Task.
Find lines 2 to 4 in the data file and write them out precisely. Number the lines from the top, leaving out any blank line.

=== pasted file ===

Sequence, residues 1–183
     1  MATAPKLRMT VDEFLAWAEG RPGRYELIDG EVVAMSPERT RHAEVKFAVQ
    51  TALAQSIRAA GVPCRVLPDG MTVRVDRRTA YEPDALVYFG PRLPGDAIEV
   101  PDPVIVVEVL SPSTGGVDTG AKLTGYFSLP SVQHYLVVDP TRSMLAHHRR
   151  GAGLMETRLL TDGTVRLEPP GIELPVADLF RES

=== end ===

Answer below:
     1  MATAPKLRMT VDEFLAWAEG RPGRYELIDG EVVAMSPERT RHAEVKFAVQ
    51  TALAQSIRAA GVPCRVLPDG MTVRVDRRTA YEPDALVYFG PRLPGDAIEV
   101  PDPVIVVEVL SPSTGGVDTG AKLTGYFSLP SVQHYLVVDP TRSMLAHHRR